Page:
At Yeshiva College Computer Science Department Event, Industry Experts Share Insights and Experience
On Wednesday, October 25, the Yeshiva College Department of Computer Science presented two back-to-back executive lectures in Weissberg Commons featuring Dr. Erick Brethenoux and Steve Demuth, renowned experts in the fields of big data, machine learning and artificial intelligence (AI).
Judah Diament, program director of undergraduate data science and professor and co-chair of computer science at Yeshiva College, explained that the event is part of the rollout of the data science track in the computer science major and courses in data science for non-majors: “Tonight, our speakers will address what impact data science and AI have across all industries, especially the impact they are having on the professions that our student are, or might be, planning to pursue.”
Brethenoux is a research director at Gartner, a company that delivers technology research to global technology business leaders to help them make informed decisions. Brethenoux’s work focuses on machine learning, artificial intelligence and applied cognitive computing. He began his talk, “The Data Science Revolution: The Future of Analytics Is on a Need-to-Know Basis,” by outlining what AI isn’t, noting that most of the understanding that the general public has about AI involves movie images, such as Terminator or The Matrix. He explained that modern society is nowhere close to having the processing power and software sophistication to create movie-like AI.
The trend that AI is taking is towards what Brethenoux calls “calm computing,” a process by which vast troves of data linked by innumerable networks and feeds serve to “augment” an individual’s life. By augment, Brethenoux means providing only enough data in a way and on a schedule to improve a person’s preparation for living his or her life. The goal is not to overwhelm a person with information the way our current system often does, causing some people to check their devices dozens of times a day, but to dole it out as needed and always in the background.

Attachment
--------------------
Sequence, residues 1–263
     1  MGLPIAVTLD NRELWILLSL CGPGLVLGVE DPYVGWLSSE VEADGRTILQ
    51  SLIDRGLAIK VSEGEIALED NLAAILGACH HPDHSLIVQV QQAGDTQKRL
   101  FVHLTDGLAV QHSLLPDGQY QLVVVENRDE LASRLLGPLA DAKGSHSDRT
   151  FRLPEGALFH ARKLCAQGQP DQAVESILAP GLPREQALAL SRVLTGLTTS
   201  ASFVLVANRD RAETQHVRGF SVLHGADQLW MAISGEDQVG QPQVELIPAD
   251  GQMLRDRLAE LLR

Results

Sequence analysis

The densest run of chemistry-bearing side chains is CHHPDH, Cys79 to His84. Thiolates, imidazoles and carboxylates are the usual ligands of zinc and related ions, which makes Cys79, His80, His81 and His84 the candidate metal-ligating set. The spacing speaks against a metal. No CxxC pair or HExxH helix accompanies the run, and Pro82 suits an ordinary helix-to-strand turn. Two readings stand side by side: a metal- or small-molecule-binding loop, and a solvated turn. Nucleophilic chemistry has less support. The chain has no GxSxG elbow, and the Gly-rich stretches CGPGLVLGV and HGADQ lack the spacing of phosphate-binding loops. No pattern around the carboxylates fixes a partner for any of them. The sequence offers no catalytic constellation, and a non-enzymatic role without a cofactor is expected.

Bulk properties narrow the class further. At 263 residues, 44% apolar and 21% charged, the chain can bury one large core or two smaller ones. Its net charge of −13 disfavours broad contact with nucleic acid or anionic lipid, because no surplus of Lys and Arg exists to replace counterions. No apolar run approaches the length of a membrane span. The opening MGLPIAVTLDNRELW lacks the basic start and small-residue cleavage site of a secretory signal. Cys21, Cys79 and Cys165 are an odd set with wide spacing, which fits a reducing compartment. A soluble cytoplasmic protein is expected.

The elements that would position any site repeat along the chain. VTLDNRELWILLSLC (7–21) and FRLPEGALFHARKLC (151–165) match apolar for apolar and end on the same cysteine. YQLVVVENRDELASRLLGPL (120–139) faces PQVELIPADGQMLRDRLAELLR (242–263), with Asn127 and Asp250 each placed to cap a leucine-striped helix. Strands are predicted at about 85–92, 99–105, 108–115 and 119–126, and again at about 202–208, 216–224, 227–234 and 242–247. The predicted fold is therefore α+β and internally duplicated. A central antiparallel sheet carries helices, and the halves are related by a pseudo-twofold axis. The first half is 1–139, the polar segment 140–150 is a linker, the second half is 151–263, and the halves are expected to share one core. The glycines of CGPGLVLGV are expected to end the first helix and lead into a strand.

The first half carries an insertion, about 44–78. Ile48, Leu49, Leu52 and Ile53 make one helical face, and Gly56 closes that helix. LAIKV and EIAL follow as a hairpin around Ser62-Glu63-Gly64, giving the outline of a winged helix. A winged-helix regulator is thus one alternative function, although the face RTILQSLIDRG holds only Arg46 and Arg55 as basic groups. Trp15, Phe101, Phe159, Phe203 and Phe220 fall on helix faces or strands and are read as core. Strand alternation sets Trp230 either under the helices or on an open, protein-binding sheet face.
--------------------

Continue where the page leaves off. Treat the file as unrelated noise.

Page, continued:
During the talk, Brethenoux demonstrated one example of this using updates from Delta Airlines and Uber. On his phone, he received a notice about his flight from Delta as well as a notice from Uber that the car he ordered would never be able to get him to the airport on time, no matter what route the driver chose. Delta replied by offering him alternate flight times on other airlines that would work better with his schedule, and Uber offered to reschedule the pick-up time to coordinate with whatever alternate flight he chose. All of this was done seamlessly in the background by an AI program pulling from different feeds and organizing the data in real time.
According to Brethenoux, another area of society where AI will play a major role is what is known as the Internet of Things, devices with computers, such as Google’s Nest thermostat, that talk to each other and coordinate functions. For instance, a Nest thermostat connected to a person’s Fitbit training device can know that the person has been running and may want a slightly cooler temperature in the house when he or she returns.
There have been many recent discussions in the news about the possibility that AI and robots will replace or eliminate human jobs and workers, and Brethenoux did not deny that AI may well be used to do that. But his prediction is that AI will follow a path of “augmentation, not substitution—data always being there, but in the background and only when I need it, based on an architecture of relevance, trust and transparency. How people accept and use this new technology will depend upon the educational efforts we make, but this technology is here, and it is moving forward.”